There is no one secret to a successful marriage. Whether your spouse is or isn’t your best friend, whether you decide to have five kids or none, and whether or not you got a pre-nup, a happy and healthy marriage means different things to different couples. That said, it never hurts to brush up on basic relationship skills with some expert-approved marriage tips — especially when said expert is an author and prize-winning Northwestern University professor who runs a relationship lab (yes, you read that right).
Enter Eli Finkel. He wrote his latest book, The All-or-Nothing Marriage: How the Best Marriages Work ($18), in an effort to demystify “modern marital bliss.” Finkel argues, by using Maslow’s Hierarchy of Needs as a foundation, that because we no longer need our spouse to meet our basic needs (shelter, food, protection), we now rely on them to help us achieve those higher, more elusive needs — including self-actualization. Finkel believes that while meeting these expectations requires hard work, the payoff is well worth it.
Of course, this can be a tough role to fill, even for a soulmate, which is where Finkel’s research, findings, and practical advice comes in. In the book, Finkel takes a deep dive into the history of the American marriage, the fundamentals of the all-or-nothing marriage, and how to use something he called “love hacks” to strengthen your marriage on the spot.
Even if you’re not the marrying kind but want a long-term relationship to work, Finkel believes these rules still apply. But before you run out and buy the book, be sure to take a look at our quick interview with the New York Times op-ed writer.
Brit + Co: Let’s start with the basics. What, exactly, is the all-or-nothing marriage?
Eli Finkel: The idea of the all-or-nothing marriage is that today’s best marriages are better than ever (the “all” marriage), even while average marriages are getting worse (the “nothing” marriage).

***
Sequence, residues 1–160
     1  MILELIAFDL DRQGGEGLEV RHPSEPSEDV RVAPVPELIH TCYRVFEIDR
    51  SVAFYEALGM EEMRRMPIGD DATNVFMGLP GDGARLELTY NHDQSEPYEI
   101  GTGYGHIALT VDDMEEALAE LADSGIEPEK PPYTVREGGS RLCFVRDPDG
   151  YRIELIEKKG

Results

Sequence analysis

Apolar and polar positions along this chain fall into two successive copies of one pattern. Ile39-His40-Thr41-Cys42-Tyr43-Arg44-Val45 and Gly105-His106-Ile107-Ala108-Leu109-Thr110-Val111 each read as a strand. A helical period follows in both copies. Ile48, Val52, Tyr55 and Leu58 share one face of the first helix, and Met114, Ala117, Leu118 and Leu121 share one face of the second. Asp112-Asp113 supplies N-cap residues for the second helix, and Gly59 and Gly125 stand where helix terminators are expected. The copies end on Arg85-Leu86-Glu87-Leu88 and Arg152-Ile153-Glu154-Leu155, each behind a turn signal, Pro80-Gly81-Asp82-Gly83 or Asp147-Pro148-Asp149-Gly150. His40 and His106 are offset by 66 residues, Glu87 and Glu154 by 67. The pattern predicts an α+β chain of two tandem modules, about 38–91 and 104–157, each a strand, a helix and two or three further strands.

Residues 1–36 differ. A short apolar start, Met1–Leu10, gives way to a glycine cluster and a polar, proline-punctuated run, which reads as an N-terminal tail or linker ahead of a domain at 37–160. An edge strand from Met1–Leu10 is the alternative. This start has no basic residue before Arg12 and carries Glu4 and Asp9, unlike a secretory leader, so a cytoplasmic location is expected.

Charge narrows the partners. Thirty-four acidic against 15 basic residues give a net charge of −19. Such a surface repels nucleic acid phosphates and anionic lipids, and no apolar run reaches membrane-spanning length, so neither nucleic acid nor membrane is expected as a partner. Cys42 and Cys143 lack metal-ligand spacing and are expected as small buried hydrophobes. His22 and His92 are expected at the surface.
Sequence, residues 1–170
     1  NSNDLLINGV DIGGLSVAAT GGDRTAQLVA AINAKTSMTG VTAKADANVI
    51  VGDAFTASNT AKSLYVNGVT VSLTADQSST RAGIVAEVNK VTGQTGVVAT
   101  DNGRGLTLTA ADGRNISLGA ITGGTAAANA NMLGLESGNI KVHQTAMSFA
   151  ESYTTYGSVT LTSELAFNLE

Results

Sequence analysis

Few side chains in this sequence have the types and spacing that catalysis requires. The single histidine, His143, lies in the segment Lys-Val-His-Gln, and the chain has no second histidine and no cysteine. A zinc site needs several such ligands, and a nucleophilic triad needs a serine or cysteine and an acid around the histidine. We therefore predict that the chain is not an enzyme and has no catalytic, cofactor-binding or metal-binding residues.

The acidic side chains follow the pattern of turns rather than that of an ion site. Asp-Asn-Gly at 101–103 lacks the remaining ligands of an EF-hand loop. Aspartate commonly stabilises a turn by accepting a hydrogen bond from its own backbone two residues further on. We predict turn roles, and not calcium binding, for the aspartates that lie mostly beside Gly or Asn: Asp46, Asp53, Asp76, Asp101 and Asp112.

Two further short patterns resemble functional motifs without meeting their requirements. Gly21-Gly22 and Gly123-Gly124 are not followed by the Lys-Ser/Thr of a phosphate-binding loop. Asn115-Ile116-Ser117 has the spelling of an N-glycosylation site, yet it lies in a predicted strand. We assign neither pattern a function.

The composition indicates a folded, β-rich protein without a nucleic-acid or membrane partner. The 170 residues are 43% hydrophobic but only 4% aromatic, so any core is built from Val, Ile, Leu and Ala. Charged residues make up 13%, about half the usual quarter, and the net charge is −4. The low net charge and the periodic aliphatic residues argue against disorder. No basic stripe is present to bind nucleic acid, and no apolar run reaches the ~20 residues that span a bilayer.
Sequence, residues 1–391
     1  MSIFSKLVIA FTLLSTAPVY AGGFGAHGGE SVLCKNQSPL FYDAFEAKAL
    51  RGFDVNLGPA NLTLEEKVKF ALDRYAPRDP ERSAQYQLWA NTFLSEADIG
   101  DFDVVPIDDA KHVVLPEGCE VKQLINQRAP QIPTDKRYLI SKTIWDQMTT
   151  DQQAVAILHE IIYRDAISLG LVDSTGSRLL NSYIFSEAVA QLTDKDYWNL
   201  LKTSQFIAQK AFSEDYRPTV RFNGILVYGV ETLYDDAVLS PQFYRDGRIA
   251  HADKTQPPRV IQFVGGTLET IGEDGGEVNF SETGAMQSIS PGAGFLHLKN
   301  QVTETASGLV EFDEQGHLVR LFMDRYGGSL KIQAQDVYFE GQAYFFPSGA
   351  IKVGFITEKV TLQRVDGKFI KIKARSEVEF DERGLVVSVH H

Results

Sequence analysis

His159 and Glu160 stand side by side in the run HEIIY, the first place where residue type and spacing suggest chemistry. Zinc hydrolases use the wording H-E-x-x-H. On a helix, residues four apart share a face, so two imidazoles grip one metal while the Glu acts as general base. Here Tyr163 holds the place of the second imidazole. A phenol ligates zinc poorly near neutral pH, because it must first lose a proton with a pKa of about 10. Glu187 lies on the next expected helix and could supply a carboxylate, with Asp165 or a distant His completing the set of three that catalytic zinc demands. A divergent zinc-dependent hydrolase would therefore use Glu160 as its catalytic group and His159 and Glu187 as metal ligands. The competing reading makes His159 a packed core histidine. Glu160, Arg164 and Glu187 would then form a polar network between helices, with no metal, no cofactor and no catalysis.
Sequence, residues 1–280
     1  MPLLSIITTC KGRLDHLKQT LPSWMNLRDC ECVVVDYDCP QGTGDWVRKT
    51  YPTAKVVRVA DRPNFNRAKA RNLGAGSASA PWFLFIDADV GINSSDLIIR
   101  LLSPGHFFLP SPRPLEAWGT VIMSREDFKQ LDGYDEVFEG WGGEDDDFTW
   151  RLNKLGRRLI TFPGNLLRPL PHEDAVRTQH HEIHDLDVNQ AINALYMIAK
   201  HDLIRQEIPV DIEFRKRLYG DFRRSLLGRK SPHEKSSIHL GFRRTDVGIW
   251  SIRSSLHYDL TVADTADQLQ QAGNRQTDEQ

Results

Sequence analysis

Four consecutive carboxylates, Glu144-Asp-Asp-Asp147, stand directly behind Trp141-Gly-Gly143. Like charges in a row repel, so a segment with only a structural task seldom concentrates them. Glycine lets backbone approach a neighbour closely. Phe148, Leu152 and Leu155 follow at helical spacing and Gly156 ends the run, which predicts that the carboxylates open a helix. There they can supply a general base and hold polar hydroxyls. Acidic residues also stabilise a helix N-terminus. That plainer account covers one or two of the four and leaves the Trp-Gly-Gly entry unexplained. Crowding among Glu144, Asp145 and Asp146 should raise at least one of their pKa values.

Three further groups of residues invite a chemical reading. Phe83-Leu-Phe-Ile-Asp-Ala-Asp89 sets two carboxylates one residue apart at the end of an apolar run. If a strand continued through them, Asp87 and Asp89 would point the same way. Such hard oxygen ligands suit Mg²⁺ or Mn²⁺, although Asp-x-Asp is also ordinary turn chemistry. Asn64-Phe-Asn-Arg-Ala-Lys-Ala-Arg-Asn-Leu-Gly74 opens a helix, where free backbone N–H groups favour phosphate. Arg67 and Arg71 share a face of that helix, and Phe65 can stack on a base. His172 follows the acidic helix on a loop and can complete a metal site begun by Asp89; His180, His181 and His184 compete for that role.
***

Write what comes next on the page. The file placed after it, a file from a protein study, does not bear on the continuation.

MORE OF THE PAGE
B+C: How is this modern marriage trend different from previous decades?
EF: Relative to the 1950s, for example, we expect so much of our marriage today: best friendship, sexual fulfillment, personal growth, and so forth. Asking so much of our marriage is risky because it means that a marriage that would have been satisfying in the 1950s will fall short of our expectations today, yielding disappointment. But seeking to meet those deep psychological needs through our marriage places within reach a level of marital fulfillment that wasn’t available in eras when people didn’t even try to fulfill those needs through the marriage. For this reason, those of us who work hard to make our marriage as strong as possible can enjoy a truly marvelous union.
B+C: Why do you think this “method” of marriage works so well for the modern couple?
EF: The all-or-nothing theory of marriage that I introduce in this book boils down to supply and demand: Are we investing enough “supply” in our marriage — time, attention, vitality, and so forth — for it to meet the demands we’re making of it?
B+C: So you’re saying the all-or-nothing marriage is all about meeting high expectations?
EF: From this perspective, asking whether it’s good or bad to have high expectations is silly. The correct question is whether our expectations are properly calibrated to what the marriage can actually provide. If we’re asking more than the marriage can provide (when demand exceeds supply), we’ll be disappointed. The most fulfilling marriages are those in which we ask a lot of the marriage and have those demands met.
B+C: What are three easy things a couple can do right now to start working toward a healthier “all” marriage?
EF: I play with big ideas in the book, but one of my primary goals is to provide concrete guidance for people seeking to make their own marriage stronger. Over 1,000 people have devoted their academic careers to conducting scientific studies of marriage, but virtually all of these insights are cloistered within academic journals. My book distills the major findings and presents them in a user-friendly manner.
Building on the supply-and-demand perspective we discussed a minute ago, those of us who wish to improve our marriage have three general strategies at our disposal. First, we can increase the “supply” (time, effort, etc.) to match our high demands, such as making a concerted effort to engage in new and exciting activities together.
Second, if we’re unable or unwilling to dedicate significantly increased attention to our marriage right now (perhaps because we have young children at home or major stress at work), we can try to use our available supply more efficiently, such as by trying to think about conflict in our marriage from the perspective of a neutral third party who wants the best for both of us.
Third, we can lower our expectations to align more closely with what the marriage can realistically provide, such as by turning to our friends for the sorts of emotional support that our spouse isn’t skilled at providing. Each of these strategies gets its own chapter in the book, where I provide concrete guidance about how we can implement them in our own marriage.
Pick up a copy of The All or Nothing Marriage and tweet us @BritandCo to share your thoughts!
(Photo via Getty)